March 8th is commemorated as the World Kidney Day
In today's world, communicable diseases have paved the way for non-communicable ailments, like chronic kidney disease, hypertension, diabetes and cardiovascular diseases as leading cause of death and despair. There is an increased effort by several groups of doctors to focus attention on matters related to kidney diseases and their consequences.
Individuals suffering from Hypertension and Diabetes are more prone to Kidney diseases. These two lifestyle related conditions are the leading cause of kidney failure and accounts for almost 50% of the patient suffering from chronic kidney failure that require either dialysis or transplant surgery.
The other noted causes of Kidney diseases are inflammatory diseases of the kidney, infections or obstructions to the urinary tract, or familial disorders like polycystic kidney disease.
Statistics reveal that one out of every ten individual suffers from some form of kidney disease. Here, kidney function maybe impaired and can present as an elevated level of creatinine in the blood and excretion of protein in the urine. Kidney damage manifests itself in the form of high BP, anemia, heart disease and swelling of the body and in advanced cases as difficulty in breathing.
Simple laboratory techniques, consisting of simple urine and blood tests help in the detection of this complex disease. If left undetected kidney disease may lead to progressive kidney loss, requiring dialysis or a transplantation, or it may lead to a premature death due to the associated heart ailments. It is of importance to note that a healthy individual identified with chronic kidney disease has a tenfold propensity to suffer death due to heart-related disorders, irrespective of suffering from kidney failure or not. Twelve million people suffer from morbidity from cardiovascular diseases that stems from chronic kidney disease. The ever-growing diabetes graph only helps to aggravate the existing kidney scenario.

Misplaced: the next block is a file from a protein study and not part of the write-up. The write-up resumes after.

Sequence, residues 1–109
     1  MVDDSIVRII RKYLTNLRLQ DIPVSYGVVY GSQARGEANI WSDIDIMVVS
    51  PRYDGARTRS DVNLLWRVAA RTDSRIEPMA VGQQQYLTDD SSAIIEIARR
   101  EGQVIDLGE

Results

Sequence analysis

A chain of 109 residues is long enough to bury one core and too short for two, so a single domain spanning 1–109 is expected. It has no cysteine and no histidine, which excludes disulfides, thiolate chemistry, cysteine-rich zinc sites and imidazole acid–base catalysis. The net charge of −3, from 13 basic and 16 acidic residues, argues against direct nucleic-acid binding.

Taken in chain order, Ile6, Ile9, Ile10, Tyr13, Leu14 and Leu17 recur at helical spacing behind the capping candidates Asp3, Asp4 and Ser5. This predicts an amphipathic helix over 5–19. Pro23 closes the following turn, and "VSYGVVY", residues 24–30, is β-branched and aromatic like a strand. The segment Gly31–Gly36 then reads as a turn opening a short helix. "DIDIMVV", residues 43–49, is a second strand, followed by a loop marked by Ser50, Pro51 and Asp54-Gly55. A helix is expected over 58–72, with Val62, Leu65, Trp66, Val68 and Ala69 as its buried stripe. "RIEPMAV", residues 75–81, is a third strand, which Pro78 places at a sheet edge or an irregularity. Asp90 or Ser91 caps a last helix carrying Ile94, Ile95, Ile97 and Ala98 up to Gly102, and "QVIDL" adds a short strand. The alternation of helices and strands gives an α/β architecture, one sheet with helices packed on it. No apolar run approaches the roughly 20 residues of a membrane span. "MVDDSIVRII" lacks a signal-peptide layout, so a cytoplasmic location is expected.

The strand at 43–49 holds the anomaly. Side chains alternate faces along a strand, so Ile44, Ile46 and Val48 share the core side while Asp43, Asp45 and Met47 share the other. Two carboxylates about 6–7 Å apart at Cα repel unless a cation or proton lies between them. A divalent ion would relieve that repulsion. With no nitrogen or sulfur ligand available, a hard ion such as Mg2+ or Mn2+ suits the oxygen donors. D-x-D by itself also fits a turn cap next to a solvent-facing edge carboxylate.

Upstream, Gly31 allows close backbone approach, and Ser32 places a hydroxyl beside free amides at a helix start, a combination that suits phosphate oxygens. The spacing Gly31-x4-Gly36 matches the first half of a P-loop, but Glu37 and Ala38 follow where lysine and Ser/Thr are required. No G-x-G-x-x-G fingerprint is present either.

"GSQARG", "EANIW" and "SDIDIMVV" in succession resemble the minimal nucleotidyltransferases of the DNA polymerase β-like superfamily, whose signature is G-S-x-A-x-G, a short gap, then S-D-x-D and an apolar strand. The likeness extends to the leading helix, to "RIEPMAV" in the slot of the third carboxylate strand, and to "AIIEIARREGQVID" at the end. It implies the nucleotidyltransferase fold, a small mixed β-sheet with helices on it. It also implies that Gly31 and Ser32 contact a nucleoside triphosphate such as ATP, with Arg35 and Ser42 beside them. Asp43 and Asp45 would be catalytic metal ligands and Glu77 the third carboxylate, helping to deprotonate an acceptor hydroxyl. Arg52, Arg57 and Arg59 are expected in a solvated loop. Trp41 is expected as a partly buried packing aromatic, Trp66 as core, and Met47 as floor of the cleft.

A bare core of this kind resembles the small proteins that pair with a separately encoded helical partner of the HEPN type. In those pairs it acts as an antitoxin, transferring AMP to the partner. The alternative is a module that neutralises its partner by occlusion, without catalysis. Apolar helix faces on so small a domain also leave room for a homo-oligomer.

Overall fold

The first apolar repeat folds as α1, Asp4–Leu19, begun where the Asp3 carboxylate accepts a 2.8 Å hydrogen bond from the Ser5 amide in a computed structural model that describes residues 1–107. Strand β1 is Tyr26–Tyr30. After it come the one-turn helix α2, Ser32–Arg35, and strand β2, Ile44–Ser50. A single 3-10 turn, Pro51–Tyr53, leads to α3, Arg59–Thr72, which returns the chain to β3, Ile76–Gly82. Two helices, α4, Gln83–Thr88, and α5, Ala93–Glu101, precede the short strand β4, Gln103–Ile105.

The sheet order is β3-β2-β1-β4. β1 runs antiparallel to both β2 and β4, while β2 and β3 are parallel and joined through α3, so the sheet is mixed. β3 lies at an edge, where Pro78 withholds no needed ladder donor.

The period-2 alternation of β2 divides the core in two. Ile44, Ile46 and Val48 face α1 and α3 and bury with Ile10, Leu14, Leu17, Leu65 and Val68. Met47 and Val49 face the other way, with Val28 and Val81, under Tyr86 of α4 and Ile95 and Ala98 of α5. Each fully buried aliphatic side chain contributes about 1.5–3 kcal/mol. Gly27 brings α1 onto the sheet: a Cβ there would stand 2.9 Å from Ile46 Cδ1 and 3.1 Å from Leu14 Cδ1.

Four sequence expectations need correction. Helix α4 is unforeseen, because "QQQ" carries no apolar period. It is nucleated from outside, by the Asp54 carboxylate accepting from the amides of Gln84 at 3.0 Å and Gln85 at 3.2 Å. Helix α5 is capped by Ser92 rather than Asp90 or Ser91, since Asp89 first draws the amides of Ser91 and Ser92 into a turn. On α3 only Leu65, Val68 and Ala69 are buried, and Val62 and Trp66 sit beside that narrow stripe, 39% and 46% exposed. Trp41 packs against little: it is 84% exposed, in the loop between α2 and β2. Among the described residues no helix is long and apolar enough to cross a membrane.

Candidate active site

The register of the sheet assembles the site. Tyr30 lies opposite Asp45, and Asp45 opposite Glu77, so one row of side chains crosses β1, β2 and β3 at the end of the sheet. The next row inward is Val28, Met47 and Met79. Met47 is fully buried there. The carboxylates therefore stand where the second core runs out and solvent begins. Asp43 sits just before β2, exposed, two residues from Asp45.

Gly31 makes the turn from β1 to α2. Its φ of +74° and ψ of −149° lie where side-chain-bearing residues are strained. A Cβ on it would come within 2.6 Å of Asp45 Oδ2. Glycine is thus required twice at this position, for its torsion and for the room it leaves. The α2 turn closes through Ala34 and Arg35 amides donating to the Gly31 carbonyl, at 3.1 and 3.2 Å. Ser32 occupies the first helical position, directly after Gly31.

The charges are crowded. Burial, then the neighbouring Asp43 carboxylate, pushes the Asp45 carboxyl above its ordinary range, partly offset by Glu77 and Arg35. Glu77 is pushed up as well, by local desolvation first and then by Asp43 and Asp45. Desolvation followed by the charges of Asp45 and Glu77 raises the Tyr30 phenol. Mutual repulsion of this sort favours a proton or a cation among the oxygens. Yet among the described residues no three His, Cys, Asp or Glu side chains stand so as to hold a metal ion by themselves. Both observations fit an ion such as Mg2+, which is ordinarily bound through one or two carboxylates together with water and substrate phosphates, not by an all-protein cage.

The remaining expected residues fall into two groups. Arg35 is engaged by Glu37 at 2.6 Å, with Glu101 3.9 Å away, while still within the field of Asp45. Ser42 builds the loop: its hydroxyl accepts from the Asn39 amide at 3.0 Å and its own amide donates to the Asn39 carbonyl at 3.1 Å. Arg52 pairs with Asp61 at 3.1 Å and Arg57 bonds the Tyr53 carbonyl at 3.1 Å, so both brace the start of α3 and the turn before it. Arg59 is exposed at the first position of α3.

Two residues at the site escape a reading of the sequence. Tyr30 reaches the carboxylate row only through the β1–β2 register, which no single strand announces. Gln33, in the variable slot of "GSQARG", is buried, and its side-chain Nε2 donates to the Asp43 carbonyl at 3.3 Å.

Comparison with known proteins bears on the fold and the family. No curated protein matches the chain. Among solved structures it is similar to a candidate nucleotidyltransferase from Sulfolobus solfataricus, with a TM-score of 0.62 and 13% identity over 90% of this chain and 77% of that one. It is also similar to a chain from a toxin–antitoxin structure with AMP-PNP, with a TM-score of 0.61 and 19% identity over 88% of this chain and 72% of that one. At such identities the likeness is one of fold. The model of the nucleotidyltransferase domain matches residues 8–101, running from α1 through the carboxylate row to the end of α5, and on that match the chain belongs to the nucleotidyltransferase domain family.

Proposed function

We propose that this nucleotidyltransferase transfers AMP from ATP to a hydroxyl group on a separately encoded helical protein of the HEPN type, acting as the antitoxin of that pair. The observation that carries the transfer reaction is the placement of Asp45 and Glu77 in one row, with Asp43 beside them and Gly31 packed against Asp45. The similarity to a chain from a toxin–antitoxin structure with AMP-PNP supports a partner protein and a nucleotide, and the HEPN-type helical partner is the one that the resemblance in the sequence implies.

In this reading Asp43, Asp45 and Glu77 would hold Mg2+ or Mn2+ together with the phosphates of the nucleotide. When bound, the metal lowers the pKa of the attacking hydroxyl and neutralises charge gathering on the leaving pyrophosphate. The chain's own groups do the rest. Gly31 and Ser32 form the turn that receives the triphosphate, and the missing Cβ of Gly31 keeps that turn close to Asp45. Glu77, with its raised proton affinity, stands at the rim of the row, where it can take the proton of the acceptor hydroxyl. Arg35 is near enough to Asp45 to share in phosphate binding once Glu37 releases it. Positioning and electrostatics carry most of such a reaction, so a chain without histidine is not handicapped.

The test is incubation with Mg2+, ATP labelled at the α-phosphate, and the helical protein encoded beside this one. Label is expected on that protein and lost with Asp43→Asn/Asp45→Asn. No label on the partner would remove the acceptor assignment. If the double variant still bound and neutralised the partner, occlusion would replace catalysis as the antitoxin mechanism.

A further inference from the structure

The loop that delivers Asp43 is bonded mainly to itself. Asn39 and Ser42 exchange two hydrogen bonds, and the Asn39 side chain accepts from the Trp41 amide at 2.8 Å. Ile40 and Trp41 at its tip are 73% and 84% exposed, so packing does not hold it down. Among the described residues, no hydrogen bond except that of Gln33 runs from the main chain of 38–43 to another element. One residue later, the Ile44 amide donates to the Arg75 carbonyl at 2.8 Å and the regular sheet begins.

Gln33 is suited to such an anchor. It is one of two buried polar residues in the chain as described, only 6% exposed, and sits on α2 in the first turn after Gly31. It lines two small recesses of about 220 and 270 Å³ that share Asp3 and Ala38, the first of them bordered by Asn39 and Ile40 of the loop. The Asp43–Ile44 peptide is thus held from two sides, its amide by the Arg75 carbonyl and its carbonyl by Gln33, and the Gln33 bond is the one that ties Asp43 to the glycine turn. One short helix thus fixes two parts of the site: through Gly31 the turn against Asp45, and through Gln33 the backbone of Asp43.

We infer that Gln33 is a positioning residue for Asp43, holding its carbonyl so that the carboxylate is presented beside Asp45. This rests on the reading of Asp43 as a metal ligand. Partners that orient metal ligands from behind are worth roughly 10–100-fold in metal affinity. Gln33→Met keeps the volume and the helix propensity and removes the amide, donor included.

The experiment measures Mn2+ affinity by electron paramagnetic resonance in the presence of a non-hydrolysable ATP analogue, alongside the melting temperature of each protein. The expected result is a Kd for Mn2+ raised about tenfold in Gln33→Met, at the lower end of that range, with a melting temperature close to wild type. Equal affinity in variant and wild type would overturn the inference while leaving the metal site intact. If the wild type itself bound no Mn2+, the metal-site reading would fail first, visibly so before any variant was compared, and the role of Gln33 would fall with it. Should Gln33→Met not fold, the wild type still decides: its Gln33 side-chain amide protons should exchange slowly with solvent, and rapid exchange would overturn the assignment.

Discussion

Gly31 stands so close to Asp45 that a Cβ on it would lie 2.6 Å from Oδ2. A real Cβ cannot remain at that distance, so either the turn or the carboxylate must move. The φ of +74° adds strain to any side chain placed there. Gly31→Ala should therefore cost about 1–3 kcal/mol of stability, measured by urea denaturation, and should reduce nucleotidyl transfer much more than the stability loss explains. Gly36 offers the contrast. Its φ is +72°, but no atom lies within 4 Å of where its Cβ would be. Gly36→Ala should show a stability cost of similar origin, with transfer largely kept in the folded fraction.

Dialysis and Kidney transplantations are high-maintenance procedures that cut into the health care budgets of developed countries, while it is extremely burdening for the developing world. In developing world countries, many of the patients who require dialysis or a transplant fail to receive it, while in others there is no access to Kidney care. All this means that the patients are forced to die for the lack of a better option.
Therefore the need of the hour is a combination of early detection and prevention. Lifestyle modifications, controlling hypertension and diabetes, along with regular screening for the disease can help to curtail the incidence of the ever-expanding kidney disorders. Some of the recommended preventive measures are:
» Control hypertension, blood glucose, lipids
» Control body weight
» Avoid smoking
» Do regular physical exercises
Carry out regular screening for the following groups of people -
- Individuals who are obese and above the age of 50
- Individuals who have hypertension and diabetes
- Individuals who are smokers
- Individuals with any form of kidney disease
- Individuals who have a family history of kidney disease
- Individuals who have a family history diabetes, hypertension
As we celebrate world kidney day it is also vital to consider the plight of those who require kidney transplantation or dialysis. There is a shortage of kidneys for transplantation and there is a need to spread awareness among the public regarding kidney donation, especially from deceased donor or cadavers. The elected governments must play a larger role in regularizing the activities surrounding kidney donation. A combination of all these factors would definitely take us several steps forward towards a disease-free status, at a global level.